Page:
1. Chad Jones, PE, CMSE, CFEI has a Bachelor of Science in Mechanical Engineering from Clemson University.
  2. Chad has over 20 years of engineering experience including mechanical, process, and manufacturing engineering.
  3. This work has included equipment design, machine safeguarding, cost estimating and safety compliance.

Chad also has over 10 years of commercial, industrial, and residential HVAC and plumbing design experience. Chad is a Certified Fire and Explosion Investigator and IFSAC certified Firefighter II in Greenwood County, South Carolina.

How do you identify different guards?

Telling the regiments apart – Two officers and a Warrant Officer class I of the Irish Guards – in this image the blue plume can be seen on the right hand side of the bearskin, the tunic buttons are grouped in fours, and the shamrock badge is on the collar. The Officer on the far side has a parachute badge indicating he’s trained to deploy as a parachutist.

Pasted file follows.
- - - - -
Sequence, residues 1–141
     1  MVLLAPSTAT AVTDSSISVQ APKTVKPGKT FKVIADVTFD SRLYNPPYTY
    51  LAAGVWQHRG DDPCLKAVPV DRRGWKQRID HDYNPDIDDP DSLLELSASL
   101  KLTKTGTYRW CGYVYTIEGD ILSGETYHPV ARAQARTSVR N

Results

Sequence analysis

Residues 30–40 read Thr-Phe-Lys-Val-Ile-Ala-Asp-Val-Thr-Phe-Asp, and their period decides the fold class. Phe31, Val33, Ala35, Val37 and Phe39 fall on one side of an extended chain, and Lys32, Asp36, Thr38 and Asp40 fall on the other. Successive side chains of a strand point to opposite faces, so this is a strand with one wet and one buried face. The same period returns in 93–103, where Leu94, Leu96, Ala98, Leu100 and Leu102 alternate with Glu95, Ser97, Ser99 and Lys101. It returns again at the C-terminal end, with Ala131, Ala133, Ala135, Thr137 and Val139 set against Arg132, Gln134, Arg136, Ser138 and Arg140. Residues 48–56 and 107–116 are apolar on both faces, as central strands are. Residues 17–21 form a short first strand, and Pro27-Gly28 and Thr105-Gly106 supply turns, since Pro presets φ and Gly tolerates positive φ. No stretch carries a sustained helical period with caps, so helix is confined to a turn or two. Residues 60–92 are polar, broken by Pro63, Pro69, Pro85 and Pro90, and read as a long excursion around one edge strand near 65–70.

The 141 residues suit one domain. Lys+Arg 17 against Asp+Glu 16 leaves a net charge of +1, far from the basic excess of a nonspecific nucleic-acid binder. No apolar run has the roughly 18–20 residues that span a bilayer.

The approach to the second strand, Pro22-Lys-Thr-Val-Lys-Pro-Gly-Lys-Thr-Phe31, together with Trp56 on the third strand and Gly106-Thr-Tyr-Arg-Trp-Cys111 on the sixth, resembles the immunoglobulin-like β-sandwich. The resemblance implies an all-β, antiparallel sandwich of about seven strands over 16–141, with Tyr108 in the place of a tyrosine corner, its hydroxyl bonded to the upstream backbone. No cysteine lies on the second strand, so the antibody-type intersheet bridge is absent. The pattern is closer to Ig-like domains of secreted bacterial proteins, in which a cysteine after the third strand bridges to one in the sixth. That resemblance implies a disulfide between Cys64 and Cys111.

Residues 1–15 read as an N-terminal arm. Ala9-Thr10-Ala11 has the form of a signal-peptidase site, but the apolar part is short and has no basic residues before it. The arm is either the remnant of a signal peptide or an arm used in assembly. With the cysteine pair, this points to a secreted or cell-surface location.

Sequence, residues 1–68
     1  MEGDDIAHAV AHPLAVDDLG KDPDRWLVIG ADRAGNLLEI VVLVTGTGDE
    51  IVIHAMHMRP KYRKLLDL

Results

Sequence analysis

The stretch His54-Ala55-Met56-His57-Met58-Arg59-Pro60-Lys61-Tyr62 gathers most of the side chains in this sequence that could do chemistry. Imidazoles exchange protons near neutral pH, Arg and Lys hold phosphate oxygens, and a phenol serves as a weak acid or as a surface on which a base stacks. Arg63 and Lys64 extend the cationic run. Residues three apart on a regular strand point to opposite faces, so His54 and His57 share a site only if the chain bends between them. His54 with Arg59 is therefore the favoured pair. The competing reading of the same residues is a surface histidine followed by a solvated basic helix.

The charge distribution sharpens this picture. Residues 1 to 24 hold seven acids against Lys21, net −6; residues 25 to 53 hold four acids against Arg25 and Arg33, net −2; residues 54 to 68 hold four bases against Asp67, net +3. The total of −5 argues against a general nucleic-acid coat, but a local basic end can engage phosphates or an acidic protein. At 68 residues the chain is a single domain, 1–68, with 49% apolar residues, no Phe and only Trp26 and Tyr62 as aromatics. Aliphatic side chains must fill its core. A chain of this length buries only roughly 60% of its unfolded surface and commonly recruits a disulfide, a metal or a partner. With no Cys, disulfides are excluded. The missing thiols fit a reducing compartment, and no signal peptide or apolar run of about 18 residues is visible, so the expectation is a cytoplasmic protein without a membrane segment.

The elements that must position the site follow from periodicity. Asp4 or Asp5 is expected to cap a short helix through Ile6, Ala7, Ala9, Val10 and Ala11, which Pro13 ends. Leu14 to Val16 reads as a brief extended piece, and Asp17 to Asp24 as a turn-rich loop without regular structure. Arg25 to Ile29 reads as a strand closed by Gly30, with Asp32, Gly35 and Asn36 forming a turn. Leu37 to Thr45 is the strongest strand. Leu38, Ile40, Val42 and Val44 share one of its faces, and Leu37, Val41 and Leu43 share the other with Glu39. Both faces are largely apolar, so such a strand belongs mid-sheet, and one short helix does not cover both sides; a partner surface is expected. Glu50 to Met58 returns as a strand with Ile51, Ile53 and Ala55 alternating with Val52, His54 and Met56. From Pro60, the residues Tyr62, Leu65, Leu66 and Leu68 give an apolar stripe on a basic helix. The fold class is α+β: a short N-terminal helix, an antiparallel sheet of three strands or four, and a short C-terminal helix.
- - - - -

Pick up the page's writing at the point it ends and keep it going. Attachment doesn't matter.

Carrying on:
• The colour of the plume, and which side of the bearskin it is worn on
  • The spacing of the tunic buttons
  • The badge worn on the collar
  • The badge worn on the shoulder
Regiment Plume Plume colour Button spacing Collar badge Shoulder badge
Grenadier Guards Left White Singly Grenade Royal Cypher
Coldstream Guards Right Red Pairs Garter Star Rose
Scots Guards Threes Thistle Thistle Star
Irish Guards Right Blue Fours Shamrock St Patrick Star
Welsh Guards Left
  • White
  • Green
  • White
Fives Leek Leek

The rank insignia for officers are also differentiated by what specific stars are used. Left to right: Rank slides used by Grenadier, Coldstream, and Welsh Guards. Rank slides used by Scots Guards. Rank slides used by Irish Guards. Standard rank slides used by other army officers.

How many guards units are there?